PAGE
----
The Impending Demise Of The SMR8: 1A Pros And Cons


Many in 1A will be disappointed with the loss of the SMR8, but there is one very clear silver lining to the cloud.

Among schools that will feel impacted by the impending demise of the SMR8, the front of the line is heavily populated by 1A schools.

For it has been in 1A that the argument has been most vigorously advanced that the SMR8 provides a relay opportunity for schools that can't cobble together four 100 meter legs or, more typically, four 400 meter legs, but who can put together four girls to run a mixed relay.

Doing away with the SMR8 does away with that mix-and-match opportunity. 

Nevertheless, doing away with the SMR8 does have the virtue of helping to bring a more level playing field to the 1A ranks.

It's been observed since 1A track and field got its own separate classification here in Colorado, that top teams were able to quality most or all relays for state using largely the same set of girls, thus (almost) guaranteeing themselves state meet points in most or all relays even though often two or three of those relays would have to be significantly offloaded at the state meet. You can peruse 1A state meet results from years gone by and find several examples of exactly this happening. You'll find more evidence of that if you have access to the seed times for said relays and can compare State times with seed times.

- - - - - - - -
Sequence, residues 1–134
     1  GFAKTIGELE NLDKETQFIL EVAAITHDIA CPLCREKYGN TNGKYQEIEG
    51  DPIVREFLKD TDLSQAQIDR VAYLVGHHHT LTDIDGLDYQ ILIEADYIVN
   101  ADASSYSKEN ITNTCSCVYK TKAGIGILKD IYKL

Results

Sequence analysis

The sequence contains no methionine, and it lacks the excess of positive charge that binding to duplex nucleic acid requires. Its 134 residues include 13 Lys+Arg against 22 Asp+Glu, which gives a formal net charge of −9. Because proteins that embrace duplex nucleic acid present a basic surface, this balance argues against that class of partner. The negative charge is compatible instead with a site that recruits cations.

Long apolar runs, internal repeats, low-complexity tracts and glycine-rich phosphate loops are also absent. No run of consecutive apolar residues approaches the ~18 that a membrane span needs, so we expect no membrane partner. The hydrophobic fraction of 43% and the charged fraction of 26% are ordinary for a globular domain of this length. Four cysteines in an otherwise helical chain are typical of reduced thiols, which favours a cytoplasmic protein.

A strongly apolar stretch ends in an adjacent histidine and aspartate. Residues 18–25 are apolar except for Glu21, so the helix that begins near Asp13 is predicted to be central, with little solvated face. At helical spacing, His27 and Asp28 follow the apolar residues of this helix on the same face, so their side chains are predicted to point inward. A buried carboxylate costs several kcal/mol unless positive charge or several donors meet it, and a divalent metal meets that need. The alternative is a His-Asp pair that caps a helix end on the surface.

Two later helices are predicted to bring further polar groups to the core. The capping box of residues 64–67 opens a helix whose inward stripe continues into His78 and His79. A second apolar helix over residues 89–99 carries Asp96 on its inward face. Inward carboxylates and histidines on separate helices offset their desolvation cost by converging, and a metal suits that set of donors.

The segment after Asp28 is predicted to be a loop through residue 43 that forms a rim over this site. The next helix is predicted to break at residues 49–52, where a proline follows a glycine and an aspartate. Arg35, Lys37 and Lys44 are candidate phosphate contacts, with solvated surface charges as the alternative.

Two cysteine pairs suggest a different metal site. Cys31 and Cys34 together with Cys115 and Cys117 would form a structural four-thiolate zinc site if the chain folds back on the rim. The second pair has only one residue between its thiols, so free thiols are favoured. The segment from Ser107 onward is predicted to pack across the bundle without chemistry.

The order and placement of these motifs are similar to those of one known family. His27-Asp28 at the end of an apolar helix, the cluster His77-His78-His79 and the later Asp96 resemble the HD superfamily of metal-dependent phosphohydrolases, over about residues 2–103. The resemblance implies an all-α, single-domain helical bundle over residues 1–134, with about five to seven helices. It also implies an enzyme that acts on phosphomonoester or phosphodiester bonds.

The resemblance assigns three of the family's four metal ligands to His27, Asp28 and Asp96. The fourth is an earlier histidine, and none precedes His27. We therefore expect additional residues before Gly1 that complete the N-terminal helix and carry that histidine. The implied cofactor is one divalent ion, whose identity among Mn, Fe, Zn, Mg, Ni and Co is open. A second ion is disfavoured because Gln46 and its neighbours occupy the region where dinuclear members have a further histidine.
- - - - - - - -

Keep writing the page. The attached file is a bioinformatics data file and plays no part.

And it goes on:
Removing the SMR8, then, moves 1A track and field a step closer to integrity in state meet scoring. It reduces the count of relays, meaning the remaining relays are more likely to be composed mostly or entirely of the girls who qualified the relays.

Will it remove entirely the temptation to qualify and offload? No, but it is a solid step in that direction.

Before we walk away thinking this applies only to 1A, it should be noted that plenty of 2A through 5A teams have, over the years, qualified an SMR8 for state on the strength of one very good 400 meter type and then removed her from the state meet relay. When in happens in a classification other than 1A, the probability of scoring in that relay rapidly approaches zero, but it does happen in these classifications even so.

Relay qualification is always open to that kind of exploitation unless someone wants to monitor the legs of qualifying relays all season long. Reducing the count of girls relays from five to four, however, diminishes the window of opportunity there. The net result, then, is a better match between athletes used to qualify for State and athletes who actually run at State.


Comments